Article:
Review of Enzymatic Therapy’s advertising for its salicylic acid product, Simicort.

Grade F

Simicort is an “all-natural” skin cream medicated with 1.8% salicylic acid. It is manufactured by a company called Enzymatic Therapy, which makes a large number of supplements and herbal preparations for all sorts of conditions. There is quite a bit of hype about Simicort being a psoriasis treatment without all the side effects of steroids. Well, sure, Simicort doesn’t have the side effects of steroids, because it has no steroids in it, but the impression that it’s some sort of all-natural steroid replacement is false. The name itself can give this impression, as there are several widely-known steroids with “cort” in their names.

Enzymatic Therapy’s own page about Simicort (duplicated at other sites, including Vibrant Health) begins with a bunch of “educational” information about skin. It discusses nutrients the skin requires, and implies that Simicort will deliver these vitamins, minerals, and essential fatty acids, thereby making the skin healthy. Psoriasis, of course, is not caused by a simple nutrient deficiency. It’s also unclear, to me, if any of these nutrients will be absorbed through the skin in a form useful for skin health, as the things required for proper skin growth are usually delivered by the bloodstream after digestion of food.

The page then reiterates that Simicort is all-natural, safe, nontoxic, and nonallergenic. Salicylic acid, the active ingredient, can produce dryness and irritation of the skin. Other ingredients include licorice, which can produce a host of problems, comfrey, which should never be applied to broken skin, and dimethicone, a silicone water repellant and antifoaming agent, which, while being medically inert, is not something I’ve ever heard of as being natural.

Enzymatic Therapy directs users to apply Simicort “to affected areas of skin several times daily or as desired.” This kind of “direction” can lead to massive overuse of the medication, which would greatly increase the possibilities of side effects. This cream is an over-the-counter drug, and should be treated like any other drug. There is always a danger from overdose.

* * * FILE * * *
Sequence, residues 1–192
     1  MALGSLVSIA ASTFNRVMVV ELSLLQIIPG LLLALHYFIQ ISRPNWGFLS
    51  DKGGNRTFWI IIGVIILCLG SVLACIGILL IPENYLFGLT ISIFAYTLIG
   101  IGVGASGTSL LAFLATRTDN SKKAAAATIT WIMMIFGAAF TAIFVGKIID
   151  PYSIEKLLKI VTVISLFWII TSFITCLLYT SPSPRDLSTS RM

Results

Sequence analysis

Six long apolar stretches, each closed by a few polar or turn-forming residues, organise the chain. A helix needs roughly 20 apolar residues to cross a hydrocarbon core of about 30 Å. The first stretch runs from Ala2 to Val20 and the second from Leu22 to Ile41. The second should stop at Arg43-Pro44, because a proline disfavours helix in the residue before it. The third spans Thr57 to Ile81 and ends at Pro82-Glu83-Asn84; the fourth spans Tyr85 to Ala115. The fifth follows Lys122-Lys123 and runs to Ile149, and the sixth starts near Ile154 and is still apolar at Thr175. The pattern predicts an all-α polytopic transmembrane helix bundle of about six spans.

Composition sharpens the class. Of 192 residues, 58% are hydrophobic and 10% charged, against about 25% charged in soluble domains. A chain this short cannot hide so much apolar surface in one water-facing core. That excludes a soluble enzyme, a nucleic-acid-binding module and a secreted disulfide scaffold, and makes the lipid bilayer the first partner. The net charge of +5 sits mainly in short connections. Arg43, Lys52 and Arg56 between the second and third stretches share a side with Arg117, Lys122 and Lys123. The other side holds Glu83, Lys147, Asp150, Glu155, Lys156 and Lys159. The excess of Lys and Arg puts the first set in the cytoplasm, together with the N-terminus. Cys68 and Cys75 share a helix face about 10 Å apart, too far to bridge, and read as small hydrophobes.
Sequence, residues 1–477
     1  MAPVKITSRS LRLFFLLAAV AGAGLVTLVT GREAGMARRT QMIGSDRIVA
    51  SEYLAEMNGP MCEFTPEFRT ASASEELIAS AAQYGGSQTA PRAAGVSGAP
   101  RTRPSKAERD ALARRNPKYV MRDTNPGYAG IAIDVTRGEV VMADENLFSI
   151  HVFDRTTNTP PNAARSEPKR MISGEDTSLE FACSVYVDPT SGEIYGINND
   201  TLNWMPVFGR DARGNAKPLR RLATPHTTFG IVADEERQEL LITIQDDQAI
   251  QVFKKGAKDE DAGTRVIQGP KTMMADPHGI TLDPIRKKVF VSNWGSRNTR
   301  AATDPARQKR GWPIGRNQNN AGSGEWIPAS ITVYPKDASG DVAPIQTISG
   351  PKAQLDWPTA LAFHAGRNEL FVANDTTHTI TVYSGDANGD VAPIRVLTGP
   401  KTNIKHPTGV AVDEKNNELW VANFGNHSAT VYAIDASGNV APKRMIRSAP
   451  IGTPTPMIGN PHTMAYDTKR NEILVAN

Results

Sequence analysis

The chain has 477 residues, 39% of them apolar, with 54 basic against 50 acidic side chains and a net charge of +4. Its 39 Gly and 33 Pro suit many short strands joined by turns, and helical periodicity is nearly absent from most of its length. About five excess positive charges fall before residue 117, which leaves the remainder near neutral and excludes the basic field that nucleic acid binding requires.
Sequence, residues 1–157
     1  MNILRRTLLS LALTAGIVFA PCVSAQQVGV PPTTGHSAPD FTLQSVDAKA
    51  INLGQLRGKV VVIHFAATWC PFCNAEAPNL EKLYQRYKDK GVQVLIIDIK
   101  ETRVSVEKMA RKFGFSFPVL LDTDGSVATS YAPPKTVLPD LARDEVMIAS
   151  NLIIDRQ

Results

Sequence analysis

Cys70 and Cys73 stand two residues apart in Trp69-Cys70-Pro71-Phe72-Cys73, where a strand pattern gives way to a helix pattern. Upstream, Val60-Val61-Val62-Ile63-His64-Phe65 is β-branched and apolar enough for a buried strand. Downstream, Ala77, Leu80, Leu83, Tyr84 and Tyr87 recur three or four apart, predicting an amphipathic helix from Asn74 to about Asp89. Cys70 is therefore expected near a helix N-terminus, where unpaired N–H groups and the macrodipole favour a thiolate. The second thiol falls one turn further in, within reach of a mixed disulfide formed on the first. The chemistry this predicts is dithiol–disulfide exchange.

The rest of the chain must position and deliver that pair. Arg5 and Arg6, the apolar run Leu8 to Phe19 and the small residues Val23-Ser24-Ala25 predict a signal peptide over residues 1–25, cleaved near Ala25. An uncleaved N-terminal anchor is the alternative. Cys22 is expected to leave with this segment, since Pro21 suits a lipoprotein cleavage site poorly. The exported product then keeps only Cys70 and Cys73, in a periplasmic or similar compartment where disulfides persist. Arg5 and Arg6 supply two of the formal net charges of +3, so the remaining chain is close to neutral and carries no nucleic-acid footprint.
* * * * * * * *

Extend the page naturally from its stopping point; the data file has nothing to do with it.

Total Health, one of many online “natural drugstores” which retails Simicort, also writes, “You’ll be happy to know that unlike many mainstream topical creams, it works without the side effects of steroids, which can actually cause rashes and other skin problems.” Well, salicylic acid can cause rashes and other skin problems, so Simicort won’t necessarily save you from some steroid-like side effects.

Michael T. Murray, ND, who was at one point Director of Research and Product Development for Enzymatic Therapy, claims that “the components of Simicort have demonstrated an effect equal to or superior to cortisone when applied topically.” This is, at the very least, misleading, as cortisone is not often used in the treatment of psoriasis (cortisone is a steroid, but not all steroids are cortisone). As I understand things, the steroids typically used are often much stronger. Also, this “demonstration” doesn’t seem to have been published, so the methodology and results are not available, and Murray expects us to take his word for it.

My last concern is about the price. From what I’ve seen, Simicort is (depending on which retailer you visit) around twice as expensive as, for example, the MG217 Sal-Acid ointment, which, while it may not have as many inactive ingredients, seems to be a comparable product (MG217 also uses 3% salicylic acid, which makes it almost twice as strong as Simicort).

Update, July 5, 2009: Just a bunch more broken links, with a few new ones, including a warning letter sent by the FDA to the company back in 2000.